A day in the life of an Archive Assistant at Sunny Bank Mills

July 29th, 2022

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Archive Assistant, Sunny Bank Mills 

From the top, Workers clogs, Dashboard Bulb ‘Pin Up’ Packaging from 1950s, Ivy Barron machine-stitched free handwriting on cloth (C. 1950s/60s). 

As Archive Assistant, my job on Saturdays is to provide weekend access for visitors to The Sunny Bank Mills Archive. To exchange and build knowledge and to help photograph, preserve and maintain the collection. I also contribute to the development of the Archive’s accessibility which includes working alongside our curator, Rachel Moaby towards building a fun, activity-orientated family-friendly tour intended to be put in place soon. 

In the morning I set up and uncover the displays. There is always cleaning and checks to be undertaken by everyone throughout the week as part of the role of caring for a collection. 

Once the computer is fired up, I can see if there are any advance bookings for that day. Also, same-day tour bookings will pop up on the screen on a Saturday morning as people start to wake up and plan for their day. I get excited when I see visitor numbers for the day knowing that it will be filled with rich conversation about the mill and its layered and varied histories.  

It has been a privilege to meet with the people who have passed through the door since I began at the Mill. Some have generously contributed their personal and family stories. Some (such as students, artists, writers, and makers).  take away new knowledge towards their own interests or projects Some visitors just like to have a chat. To reflect on what life was like for the different people who have lived in Farsley over the 200 + years of the Mill’s existence.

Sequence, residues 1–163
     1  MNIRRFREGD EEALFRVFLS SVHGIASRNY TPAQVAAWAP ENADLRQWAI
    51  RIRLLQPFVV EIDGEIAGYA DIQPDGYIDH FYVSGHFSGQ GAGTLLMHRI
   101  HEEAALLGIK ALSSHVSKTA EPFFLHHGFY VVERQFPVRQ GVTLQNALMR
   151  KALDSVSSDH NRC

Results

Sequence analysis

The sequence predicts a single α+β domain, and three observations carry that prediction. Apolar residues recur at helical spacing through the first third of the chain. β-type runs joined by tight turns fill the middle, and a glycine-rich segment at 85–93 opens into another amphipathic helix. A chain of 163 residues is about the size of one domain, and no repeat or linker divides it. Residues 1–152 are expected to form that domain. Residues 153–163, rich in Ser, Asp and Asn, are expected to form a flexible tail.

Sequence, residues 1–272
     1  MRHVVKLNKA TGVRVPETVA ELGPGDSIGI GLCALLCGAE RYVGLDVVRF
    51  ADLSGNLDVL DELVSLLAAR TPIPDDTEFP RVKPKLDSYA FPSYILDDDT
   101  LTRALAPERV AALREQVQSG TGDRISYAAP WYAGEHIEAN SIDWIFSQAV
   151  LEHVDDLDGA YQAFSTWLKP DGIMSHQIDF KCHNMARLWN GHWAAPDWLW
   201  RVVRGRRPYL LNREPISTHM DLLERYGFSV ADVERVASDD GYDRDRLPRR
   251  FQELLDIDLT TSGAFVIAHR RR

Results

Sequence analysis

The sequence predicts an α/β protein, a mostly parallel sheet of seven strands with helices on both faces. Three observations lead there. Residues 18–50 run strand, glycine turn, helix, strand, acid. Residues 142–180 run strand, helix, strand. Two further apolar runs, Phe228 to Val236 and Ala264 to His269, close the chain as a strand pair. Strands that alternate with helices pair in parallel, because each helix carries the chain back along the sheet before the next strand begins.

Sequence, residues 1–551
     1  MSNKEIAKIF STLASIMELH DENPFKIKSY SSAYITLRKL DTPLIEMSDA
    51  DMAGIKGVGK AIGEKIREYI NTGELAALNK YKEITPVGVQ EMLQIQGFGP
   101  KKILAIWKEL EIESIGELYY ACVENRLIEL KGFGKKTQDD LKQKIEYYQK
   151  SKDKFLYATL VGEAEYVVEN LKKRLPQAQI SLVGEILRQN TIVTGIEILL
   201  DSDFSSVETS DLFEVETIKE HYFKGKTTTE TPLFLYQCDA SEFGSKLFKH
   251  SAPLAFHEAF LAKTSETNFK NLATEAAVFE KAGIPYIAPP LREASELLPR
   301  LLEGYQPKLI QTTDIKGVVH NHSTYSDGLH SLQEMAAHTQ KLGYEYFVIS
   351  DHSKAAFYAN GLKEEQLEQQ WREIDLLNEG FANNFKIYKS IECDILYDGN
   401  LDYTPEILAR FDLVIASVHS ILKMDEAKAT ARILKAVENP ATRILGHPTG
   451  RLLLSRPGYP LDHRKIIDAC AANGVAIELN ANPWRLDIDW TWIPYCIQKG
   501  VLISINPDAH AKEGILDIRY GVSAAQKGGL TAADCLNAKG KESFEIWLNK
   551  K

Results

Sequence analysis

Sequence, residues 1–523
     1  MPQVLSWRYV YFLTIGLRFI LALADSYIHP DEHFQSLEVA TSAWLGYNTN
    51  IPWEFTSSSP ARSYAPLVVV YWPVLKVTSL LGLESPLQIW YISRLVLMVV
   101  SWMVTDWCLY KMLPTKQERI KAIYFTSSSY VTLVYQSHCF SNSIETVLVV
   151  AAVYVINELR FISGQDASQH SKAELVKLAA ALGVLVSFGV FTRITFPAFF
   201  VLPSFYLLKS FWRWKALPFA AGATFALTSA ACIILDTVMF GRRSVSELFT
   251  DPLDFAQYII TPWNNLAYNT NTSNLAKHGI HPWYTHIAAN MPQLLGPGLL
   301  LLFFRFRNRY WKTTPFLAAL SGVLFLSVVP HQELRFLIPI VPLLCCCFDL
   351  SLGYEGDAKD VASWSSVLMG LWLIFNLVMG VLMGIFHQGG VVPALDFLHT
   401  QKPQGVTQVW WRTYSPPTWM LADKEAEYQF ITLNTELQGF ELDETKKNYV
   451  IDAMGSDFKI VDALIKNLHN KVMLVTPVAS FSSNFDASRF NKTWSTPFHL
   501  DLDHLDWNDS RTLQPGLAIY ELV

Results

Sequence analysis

A tour will usually last 40 minutes, followed by time to wander and take in the collection and displays independently. 

Each visit starts with an introduction or briefing to explain to people what we do in a Living Community Archive (how it differs from a museum as an active holding place of mostly unprocessed content). From this point, a tour can go in any direction depending on a group of visitors. I particularly like when I have a group with separate bookings. Or a mix of different people with different interests, age demographic, or nationalities.  

I love the element of discovery that I experience each day that I come into the Archive. I might spend an afternoon photographing car dashboard bulbs from the 1950s in their original ‘pin-up girl’ packaging. Car dashboard bulbs are an example of the diversity of the collection and how, while every item included at Sunny Bank Mills Archive is related to Sunny Bank Mill, each item is not necessarily relevant to the Textile Industry alone. One single object, item, or mark around the Mill can lead to re-looking and mapping out historical routes.  

It is difficult to choose just one story about the many lives that have been part of the history of this place. For example, I have developed an ongoing investigation of my own during my brief time as Archive Assistant. It is a growing story about a woman named Ivy Barron who lived in Farsley and was employed at Sunny Bank Mills in the mid-twentieth century. I have found samples of fabric with Ivy’s machine-stitched free handwriting indicating if a piece of cloth was “well scoured” and finished to Woodhouse Mill standards (Sunny Bank Mill was known as Woodhouse Mill after one of the early owners of the Mill, Edwin Woodhouse). I’d like to get to know more about Ivy but I am happy to take my time to unpick her unique story among many others. 

Ivy Barron machine-stitched free handwriting on cloth (C. 1950s/60s). 

If you have stories to share about the Mill or any information on Ivy Barron we would love to hear from you.  Contact Sally at [email protected]




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